The following is a reflection from Jane Lee Wolfe, St. James, Woodstock parishioner and Director of Bog Chapel, Inc. an educational not-for-profit organization that focuses on the spiritual health and spiritual fitness of human beings, from youth through old age.
Forty-something years ago I ran children’s chapel at my parish. It was nothing I wanted to do, but the boss asked me. “It’s not in my job description,” I said like a fine bureaucrat. Whereupon I got that lecture we all get from parents and teachers about how there are some things we have to do that we don’t want to do, etc. etc. The most boring, predictable speech ever.
So Children’s Chapel it was, 3-5 year -olds. I decided I would do what I thought the children would respond to. We sang “Jesus Loves Me, This I Know” and “Thank you, Lord for this fine day” every Sunday. I had a piano player. One time it was the assistant organist at Riverside Church in New York, down home for a visit. I spotted him and grabbed him to play because my regular piano player was sick or something. Not there. I was frantic he wasn’t going to have time to practice. “What is the music?” he asked. “Jesus Loves me this I know.” and “Thank You, Lord, for this fine day.” “I think I can manage,” he said. And he did.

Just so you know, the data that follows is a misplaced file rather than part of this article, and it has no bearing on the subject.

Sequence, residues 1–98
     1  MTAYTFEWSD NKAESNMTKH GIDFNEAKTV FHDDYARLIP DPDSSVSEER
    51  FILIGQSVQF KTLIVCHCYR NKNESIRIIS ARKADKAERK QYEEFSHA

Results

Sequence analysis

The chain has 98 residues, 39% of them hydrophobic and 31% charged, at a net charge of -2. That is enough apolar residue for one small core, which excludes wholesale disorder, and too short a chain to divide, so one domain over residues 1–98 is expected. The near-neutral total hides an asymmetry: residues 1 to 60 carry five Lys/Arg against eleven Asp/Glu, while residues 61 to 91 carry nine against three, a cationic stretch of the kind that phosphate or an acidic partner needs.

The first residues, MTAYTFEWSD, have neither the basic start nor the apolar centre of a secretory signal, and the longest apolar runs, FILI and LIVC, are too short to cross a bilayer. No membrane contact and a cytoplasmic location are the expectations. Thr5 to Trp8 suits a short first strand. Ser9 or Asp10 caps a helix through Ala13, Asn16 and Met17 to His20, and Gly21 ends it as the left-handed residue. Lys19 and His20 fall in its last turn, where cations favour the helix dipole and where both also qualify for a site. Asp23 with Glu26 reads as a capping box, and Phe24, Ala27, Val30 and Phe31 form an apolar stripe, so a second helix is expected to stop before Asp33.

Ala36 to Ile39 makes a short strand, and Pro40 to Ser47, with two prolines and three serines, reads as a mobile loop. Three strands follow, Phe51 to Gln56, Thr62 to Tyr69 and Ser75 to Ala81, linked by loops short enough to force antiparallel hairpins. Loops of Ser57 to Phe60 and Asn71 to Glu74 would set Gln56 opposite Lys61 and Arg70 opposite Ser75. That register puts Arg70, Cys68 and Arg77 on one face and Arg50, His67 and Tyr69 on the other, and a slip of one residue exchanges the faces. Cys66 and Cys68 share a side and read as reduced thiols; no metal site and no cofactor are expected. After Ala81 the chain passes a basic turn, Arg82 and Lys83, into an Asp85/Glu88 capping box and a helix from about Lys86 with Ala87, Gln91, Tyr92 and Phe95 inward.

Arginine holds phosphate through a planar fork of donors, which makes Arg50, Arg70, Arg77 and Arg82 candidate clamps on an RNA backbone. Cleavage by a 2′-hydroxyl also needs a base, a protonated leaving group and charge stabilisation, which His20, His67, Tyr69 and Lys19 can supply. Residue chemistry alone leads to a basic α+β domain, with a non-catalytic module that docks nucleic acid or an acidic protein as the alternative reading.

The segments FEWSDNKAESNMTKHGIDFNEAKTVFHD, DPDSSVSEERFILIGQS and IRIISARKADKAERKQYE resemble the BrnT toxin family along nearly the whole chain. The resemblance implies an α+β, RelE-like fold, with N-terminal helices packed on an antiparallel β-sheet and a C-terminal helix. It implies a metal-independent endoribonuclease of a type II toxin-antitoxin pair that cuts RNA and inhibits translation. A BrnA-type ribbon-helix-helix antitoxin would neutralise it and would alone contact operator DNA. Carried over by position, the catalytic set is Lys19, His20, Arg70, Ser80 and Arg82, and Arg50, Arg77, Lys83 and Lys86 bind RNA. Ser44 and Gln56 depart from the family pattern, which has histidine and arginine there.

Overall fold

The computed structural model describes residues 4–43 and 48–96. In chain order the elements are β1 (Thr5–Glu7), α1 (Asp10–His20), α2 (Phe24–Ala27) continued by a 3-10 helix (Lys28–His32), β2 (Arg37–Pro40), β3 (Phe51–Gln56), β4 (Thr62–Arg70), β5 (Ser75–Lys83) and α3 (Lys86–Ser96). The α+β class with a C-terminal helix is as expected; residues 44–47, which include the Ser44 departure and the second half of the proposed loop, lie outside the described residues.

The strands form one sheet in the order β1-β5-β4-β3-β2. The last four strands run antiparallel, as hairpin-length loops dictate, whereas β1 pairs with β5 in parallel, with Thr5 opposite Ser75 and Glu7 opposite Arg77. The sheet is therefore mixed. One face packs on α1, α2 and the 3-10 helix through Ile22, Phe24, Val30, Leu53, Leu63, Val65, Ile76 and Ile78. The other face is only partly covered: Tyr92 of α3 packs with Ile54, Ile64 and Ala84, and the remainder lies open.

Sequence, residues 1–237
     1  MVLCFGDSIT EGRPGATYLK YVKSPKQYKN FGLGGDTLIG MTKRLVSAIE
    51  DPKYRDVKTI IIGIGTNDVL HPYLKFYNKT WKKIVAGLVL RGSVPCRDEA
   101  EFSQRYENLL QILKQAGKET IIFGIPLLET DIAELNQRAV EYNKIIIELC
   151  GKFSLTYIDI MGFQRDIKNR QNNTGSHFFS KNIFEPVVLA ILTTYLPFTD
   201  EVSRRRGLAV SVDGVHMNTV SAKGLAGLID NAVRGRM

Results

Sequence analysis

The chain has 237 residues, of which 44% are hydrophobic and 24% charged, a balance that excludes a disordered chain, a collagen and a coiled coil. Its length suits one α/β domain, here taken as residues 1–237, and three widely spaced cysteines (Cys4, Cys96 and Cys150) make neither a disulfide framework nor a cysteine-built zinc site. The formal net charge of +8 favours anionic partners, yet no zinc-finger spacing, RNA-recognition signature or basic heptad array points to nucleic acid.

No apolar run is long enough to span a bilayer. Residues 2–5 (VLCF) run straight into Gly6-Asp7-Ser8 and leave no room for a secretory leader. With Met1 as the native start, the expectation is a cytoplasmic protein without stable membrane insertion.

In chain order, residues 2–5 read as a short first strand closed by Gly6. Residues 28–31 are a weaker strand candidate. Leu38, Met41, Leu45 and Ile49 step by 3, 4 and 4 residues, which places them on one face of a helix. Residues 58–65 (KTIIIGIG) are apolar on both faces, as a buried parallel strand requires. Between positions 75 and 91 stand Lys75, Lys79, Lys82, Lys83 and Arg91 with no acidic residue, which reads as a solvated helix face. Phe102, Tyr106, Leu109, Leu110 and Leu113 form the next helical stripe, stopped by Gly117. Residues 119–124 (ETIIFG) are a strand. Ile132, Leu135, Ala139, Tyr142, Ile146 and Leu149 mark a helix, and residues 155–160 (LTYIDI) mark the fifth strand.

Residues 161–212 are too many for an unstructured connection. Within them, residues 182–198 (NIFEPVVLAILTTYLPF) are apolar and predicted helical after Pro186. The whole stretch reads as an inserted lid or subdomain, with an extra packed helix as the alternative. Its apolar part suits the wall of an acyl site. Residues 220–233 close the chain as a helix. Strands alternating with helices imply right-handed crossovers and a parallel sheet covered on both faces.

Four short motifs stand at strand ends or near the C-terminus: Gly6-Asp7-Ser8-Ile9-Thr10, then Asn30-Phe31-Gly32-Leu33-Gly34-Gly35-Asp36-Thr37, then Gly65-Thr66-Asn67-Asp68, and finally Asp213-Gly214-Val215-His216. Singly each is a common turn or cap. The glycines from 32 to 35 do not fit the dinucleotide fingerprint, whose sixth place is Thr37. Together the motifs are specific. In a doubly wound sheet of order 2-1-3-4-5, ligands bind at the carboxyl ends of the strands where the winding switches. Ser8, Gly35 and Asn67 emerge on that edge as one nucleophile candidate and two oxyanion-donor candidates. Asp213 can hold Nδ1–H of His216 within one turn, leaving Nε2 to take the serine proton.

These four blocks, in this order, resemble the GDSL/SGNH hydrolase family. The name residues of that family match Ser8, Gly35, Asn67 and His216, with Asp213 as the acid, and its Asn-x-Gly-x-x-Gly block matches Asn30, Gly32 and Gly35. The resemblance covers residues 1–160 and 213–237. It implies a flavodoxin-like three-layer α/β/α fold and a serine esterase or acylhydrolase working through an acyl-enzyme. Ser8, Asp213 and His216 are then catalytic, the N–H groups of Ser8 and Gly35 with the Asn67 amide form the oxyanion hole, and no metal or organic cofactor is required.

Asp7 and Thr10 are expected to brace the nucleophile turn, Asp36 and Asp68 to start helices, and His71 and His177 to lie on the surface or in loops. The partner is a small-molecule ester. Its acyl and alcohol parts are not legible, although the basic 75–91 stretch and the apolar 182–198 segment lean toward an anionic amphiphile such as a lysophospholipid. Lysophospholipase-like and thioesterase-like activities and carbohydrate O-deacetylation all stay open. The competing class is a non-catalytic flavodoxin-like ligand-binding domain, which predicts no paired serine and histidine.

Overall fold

In addition to the hymns, we had one Bible lesson that was every Sunday. The same lesson. It was about Jesus healing 10 people with a skin disease and only one turning around to say thank you (Luke 17:11-19 in kid talk). How many said thank you? (Response) How many should have said thank you? (Response) Etc. Occasionally like at Christmas we’d switch stories, but mostly we stayed with the thank you story.
There was a prayer time, but the children were only allowed to listen to God and thank. No petitions. If there was a petition it had to be carefully turned into listening or gratitude. “God is saying I can ride my bike.” “Thank you for knowing I want a Pokémon for Christmas.” “God says I love you,” “Thank you God for taking care of my sister who is sick.”
Then we’d say the Lord’s Prayer, our only bow to tradition, which everyone managed to memorize, and leave singing “Thank you, Lord, for this fine day, two verses over and over.
Two years ago I ran into a man who had been in Children’s Chapel. He said he was still listening and saying thank you. “Thank you,” I said to God. “Good for you! Right on!” I said to the man.
The point of all this is to say that listening and gratitude begin early. They are natural in little kids; the assignment doesn’t seem in any way strange or challenging. Normal. And it is normal. If we learn all this later, as adults or old folks, it takes almost no time at all for it to seem normal. You, too, can be 3-5 years old and grow up from there.
Jesus said to the guy who turned around and said thank you: “Get up and go on your way. Your faith has made you well.”
The other nine with skin disease were healed, don’t worry. They had to show themselves to the priests in response. But the faith of the one who said thank you to the healer set him on a different path. He could go on his way right away. His faith, his gratitude, had made the difference.